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In legal battle over stripped ‘Bettie Page’ branding, fashion chain shutters Broadway boutique — UPDATE: ‘It was the traffic’

Back in the Bettie days on Broadway (Image: CHS)

Back in the Bettie days on Broadway (Image: CHS)

(Image: Tatyana Boutique)

(Image: Tatyana Boutique)

Broadway’s old state liquor store location will again be empty. Tatyana Boutique, the Las Vegas-based women’s fashion chain stripped of its right to use the Bettie Page name this summer, has suddenly closed its Capitol Hill store.

A sign posted at 400 Broadway E inelegantly shared the news over the weekend. We have not yet heard back from company officials about the abrupt closure. Thanks to tipster Tim for bringing it to our attention.

UPDATE: The company’s co-founder Jan Glaser tells CHS that the closure is not part of a wider pullback by the company. “We just opened in Toronto,” Glaser said. Instead, Glaser said a lack of Broadway foot traffic was to blame. “From the beginning, traffic was an issue there. Even before the name change,” Glaser said. The entrepreneur said he may be looking for a new place in Seattle for a Tatyana store. CHS suggested E Pike below Broadway. Let us know if you have any ideas for Glaser.

The closure marks the second Broadway business to close retail operations on the street after issues with attracting customers. Last week, The Confectional announced it was closing its Broadway retail lobby as it works out a new lease to possibly continue running its kitchen from the space. The maker of mini-cheesecakes was also known for its anti-$15 minimum wage stance.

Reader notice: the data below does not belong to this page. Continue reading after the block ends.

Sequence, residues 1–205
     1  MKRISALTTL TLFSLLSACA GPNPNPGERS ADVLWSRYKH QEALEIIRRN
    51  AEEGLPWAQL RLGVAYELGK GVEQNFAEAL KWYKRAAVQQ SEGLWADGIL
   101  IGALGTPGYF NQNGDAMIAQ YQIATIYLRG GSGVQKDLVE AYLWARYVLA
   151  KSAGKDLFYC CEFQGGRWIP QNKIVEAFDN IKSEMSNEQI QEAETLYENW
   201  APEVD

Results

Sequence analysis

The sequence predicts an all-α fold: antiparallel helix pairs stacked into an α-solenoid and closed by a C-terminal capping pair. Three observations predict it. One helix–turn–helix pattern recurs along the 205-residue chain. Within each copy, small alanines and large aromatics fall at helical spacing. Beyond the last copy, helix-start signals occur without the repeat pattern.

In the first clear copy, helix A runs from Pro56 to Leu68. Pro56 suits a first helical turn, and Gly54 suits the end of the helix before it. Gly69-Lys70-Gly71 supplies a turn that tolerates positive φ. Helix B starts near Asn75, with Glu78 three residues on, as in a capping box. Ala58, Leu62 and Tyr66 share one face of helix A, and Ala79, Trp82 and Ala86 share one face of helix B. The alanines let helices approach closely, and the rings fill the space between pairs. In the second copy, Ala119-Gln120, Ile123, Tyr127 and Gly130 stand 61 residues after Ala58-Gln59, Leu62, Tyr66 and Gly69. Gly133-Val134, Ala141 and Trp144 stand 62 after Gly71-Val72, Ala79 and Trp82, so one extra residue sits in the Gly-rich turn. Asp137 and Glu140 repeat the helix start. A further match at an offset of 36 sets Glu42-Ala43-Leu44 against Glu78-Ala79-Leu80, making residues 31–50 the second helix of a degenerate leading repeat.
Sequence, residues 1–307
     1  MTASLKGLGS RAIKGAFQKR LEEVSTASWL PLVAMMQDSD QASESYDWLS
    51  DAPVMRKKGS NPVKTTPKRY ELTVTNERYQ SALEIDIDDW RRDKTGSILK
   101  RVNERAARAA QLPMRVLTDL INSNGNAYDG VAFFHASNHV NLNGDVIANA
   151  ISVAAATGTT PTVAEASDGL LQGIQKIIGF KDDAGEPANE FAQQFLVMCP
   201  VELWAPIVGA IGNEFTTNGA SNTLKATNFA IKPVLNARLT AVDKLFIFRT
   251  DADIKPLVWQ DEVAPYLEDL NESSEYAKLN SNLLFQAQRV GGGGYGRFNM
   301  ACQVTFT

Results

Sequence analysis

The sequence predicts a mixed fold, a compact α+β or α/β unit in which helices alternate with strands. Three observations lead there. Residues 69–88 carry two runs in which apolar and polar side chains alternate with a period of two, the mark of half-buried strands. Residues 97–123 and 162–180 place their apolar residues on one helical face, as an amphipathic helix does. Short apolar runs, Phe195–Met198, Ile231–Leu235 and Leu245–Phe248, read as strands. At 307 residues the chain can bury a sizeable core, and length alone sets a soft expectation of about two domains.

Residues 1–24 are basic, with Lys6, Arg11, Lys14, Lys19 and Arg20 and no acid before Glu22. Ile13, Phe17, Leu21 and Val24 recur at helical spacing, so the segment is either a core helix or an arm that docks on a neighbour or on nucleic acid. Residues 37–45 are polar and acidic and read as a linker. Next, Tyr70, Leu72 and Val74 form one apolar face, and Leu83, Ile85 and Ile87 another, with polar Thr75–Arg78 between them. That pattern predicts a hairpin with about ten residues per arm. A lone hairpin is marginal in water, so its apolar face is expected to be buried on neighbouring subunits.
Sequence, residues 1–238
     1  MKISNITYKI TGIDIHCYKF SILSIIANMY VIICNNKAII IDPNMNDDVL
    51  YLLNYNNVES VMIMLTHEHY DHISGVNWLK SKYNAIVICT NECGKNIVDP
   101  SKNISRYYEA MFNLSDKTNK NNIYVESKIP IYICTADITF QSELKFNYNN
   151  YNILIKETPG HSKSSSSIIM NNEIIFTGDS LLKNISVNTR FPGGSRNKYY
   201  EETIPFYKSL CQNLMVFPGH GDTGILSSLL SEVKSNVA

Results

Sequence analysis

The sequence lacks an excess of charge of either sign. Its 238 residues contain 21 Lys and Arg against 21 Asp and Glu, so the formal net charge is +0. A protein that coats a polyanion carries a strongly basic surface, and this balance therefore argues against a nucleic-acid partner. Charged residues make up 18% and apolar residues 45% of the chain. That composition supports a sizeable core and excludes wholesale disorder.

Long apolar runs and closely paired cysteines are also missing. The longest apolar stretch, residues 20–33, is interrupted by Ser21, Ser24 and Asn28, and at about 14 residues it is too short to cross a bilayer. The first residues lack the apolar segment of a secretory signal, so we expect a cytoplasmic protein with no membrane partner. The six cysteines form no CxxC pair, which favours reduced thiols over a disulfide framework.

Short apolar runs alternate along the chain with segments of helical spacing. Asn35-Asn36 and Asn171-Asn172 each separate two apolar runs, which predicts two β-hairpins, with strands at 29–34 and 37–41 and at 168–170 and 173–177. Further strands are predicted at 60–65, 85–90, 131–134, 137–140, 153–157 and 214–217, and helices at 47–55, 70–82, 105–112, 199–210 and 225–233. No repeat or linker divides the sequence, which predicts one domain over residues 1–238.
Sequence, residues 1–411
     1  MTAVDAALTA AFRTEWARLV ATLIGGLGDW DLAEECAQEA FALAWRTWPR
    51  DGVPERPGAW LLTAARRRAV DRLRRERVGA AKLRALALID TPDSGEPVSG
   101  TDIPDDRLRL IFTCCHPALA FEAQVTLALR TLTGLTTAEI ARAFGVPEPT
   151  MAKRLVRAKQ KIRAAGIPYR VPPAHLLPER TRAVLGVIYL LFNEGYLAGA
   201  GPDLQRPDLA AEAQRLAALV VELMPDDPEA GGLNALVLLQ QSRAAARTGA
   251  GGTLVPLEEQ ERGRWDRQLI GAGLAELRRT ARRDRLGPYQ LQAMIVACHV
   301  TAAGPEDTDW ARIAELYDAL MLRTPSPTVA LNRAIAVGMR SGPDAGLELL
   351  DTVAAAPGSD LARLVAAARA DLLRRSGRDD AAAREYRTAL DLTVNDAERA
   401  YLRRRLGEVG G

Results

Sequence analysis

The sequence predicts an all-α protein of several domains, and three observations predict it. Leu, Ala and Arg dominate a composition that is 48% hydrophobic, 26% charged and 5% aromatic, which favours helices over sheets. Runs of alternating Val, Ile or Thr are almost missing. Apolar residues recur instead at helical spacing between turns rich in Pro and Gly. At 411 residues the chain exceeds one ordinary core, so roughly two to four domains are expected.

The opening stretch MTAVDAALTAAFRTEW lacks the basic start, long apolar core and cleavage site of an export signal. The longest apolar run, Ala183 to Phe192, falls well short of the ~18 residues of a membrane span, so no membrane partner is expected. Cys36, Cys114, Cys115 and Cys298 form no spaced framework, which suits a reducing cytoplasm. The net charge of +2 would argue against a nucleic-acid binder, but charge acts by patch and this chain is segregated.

We’ve asked Glaser a follow-up about whether Seattle’s changing minimum wage had any bearing on the Tatyana decision.

The boutique opened as Bettie Page Clothing in the former home of Broadway’s state liquor store in spring 2013. The 3,400 square-foot space sat empty since for nearly a year when the winning bidder in the state’s auction of rights to operate the liquor store backed out of the deal.

“Since a majority of our current standing stores are located in high tourist areas, in speaking and interacting with our customers, we found that many were visiting from the Seattle area,” a company spokesperson told us about the plans for Broadway at the time.